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Most people today spend a lot of time on the Internet, which means that most people spend a lot of time using a browser. Little do they know, selecting the wrong one could easily put their cybersecurity at risk, along with dozens of other actions. For this week’s tip, we’ll go over how to make your Internet browser as secure as possible.
We can safely say that the more up-to-date a browser is, the more secure it is going to be. This is because many of the changes that these updates address have to do with the browser’s security features, including any anti-phishing, anti-malware, and plugin security measures. You should also turn on your browser’s auto-update function, which will let you know whenever an updated version is available.
Or, in other words, set them to be as high as possible. Here are some suggestions:
Cookies - Disable them, or only enable them if you trust the website and they are required.
Pop-Up Windows - Block them from opening automatically, only enable them for trusted websites, or have the browser ask for confirmation
Block Reported Attack/Fake Sites - If it is available, block malicious sites by enabling this feature
Camera and Microphone Usage - Block from running automatically, and have the browser ask for confirmation
Plugins and Add-Ons - Block from running automatically, or have the browser ask for confirmation
Is antivirus perfect? No. Is it better to use it? Absolutely. An up-to-date antivirus solution can provide quite the strong defense against most malicious code, and their threat definitions can be updated automatically, meaning that it would only get better and more effective over time. For your company, your antivirus should be centrally managed, not installed on each individual device.
Instead of using your administrator account for your daily use, consider creating a secondary one with limited privileges to use instead. Many threats leverage the access of the user in order to deliver whatever payload they have, so the less access the user has, the better. An administrator account is really only necessary when you’re making changes to the device, so limiting its use won’t be an inconvenience.
There are many different options out there for web browsing - far more than just the likes of Chrome, Edge, and Safari. There is also nothing to restrict you to only using one, which is why another means of improving your security exists: browser compartmentalization.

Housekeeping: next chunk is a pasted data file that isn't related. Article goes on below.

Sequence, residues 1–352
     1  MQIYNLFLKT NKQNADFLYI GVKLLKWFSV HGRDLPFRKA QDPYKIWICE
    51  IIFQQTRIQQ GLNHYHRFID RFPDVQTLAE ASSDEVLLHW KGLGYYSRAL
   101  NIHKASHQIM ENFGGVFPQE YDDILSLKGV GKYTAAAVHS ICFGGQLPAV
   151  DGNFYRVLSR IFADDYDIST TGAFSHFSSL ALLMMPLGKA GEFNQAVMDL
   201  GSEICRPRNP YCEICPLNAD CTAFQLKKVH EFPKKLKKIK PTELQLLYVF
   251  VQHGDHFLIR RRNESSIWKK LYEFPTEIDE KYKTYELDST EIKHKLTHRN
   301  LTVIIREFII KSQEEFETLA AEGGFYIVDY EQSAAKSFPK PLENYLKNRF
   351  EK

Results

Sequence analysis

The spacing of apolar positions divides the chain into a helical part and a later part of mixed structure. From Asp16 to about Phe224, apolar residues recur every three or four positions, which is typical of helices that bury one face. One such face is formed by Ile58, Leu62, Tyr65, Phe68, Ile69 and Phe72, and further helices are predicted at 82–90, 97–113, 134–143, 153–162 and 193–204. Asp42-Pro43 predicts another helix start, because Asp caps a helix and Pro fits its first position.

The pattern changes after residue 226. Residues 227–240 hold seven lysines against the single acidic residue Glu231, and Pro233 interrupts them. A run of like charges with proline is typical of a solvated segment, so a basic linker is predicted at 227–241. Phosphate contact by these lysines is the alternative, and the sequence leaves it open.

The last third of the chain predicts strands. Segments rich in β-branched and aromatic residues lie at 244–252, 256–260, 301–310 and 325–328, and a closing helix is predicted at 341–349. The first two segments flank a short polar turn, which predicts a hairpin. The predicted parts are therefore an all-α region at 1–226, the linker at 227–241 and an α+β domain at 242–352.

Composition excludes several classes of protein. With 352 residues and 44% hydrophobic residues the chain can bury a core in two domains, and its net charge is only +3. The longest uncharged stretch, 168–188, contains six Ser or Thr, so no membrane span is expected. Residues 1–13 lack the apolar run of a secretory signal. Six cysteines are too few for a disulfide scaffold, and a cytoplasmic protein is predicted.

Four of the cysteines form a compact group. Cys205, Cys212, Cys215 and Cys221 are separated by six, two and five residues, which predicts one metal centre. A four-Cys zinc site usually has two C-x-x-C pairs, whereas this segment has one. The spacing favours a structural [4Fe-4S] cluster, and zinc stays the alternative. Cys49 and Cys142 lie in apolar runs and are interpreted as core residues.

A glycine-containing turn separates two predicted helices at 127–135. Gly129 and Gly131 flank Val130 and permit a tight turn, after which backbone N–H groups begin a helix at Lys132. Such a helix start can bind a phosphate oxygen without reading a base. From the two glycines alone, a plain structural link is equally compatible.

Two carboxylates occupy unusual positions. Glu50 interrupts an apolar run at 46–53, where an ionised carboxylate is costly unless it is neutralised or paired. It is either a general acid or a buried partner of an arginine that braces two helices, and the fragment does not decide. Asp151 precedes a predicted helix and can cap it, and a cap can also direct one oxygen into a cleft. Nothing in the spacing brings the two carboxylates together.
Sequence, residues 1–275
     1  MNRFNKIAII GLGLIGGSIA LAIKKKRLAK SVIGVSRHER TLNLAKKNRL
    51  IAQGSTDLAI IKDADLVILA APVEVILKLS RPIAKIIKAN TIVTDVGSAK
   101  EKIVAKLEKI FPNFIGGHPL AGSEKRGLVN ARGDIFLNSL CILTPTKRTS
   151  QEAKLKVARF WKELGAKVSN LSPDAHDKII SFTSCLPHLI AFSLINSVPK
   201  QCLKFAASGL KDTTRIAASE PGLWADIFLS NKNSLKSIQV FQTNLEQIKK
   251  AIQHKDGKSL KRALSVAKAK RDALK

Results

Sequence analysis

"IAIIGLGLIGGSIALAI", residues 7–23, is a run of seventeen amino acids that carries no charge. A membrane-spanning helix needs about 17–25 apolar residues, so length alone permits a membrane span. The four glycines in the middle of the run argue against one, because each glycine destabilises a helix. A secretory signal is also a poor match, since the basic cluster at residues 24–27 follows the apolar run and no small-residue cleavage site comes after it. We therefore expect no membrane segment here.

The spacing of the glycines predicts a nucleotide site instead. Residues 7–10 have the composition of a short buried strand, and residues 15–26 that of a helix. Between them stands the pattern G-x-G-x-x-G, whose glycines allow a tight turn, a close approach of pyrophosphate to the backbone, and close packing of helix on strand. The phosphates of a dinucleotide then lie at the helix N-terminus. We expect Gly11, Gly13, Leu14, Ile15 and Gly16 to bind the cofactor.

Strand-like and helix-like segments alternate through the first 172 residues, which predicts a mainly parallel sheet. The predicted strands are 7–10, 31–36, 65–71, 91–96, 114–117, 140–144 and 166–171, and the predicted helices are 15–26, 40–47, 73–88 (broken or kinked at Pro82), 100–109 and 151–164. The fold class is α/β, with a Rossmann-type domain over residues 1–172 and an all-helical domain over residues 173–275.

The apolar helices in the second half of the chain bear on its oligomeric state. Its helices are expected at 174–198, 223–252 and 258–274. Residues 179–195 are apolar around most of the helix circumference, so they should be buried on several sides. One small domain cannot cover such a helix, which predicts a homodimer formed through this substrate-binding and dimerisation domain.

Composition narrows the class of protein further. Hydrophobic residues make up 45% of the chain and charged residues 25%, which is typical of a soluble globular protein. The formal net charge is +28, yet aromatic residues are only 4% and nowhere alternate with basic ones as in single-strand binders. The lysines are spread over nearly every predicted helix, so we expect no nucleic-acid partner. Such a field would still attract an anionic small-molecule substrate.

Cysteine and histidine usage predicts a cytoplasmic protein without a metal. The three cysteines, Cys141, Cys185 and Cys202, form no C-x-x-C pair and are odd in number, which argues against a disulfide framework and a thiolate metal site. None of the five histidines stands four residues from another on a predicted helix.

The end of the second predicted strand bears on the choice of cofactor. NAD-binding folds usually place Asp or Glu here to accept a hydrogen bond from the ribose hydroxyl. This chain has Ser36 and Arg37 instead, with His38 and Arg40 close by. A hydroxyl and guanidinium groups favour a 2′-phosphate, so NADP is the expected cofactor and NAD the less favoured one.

Basically, browser compartmentalization is to use multiple browsers, assigning certain activities to each. Any online accounts will only be accessed via Browser A, while Browser B would be reserved for browsing (with its history and cookies disabled). As long as you stick to the rules, browser compartmentalization can be an effective way of making your browsing more secure.
Speaking of web browsing options, many browsers are designed with their security as the top priority. There’s Firefox, for instance, which can be customized to be security-centric, as well as a few open-source versions, like GNU IceCat, Waterfox, and Pale Moon. If you’re more used to Google Chrome, there are secure browsers based on Chromium, the code base behind Chrome. These include Iridium Browser, Ungoogled Chromium, and Brave.
A VPN (short for Virtual Private Network) takes your Internet activity and conceals it behind encryption, boosting your security considerably. There are many VPN services out there, so you will want to lean on a trusted resource like KT Connections to help you select and implement one that best fits your needs.
KT Connections can help you improve your business’ security and productivity with reliable IT solutions. To learn more about what we can do, reach out to us at 605-341-3873.
Rodd Ahrenstorff is the Director of Business Operations for KT Connections, as well as a member of the company’s ownership team starting in 2014. Rodd has been working in the computer and telecommunication fields for over twenty years—a term during which he has held a number of leadership positions. In the past, he has served as a broadcast television engineer, an systems architect, and most recently Director of Information Technology, including a role as a HIPAA Security Officer for behavioral health and multi-specialty medical providers.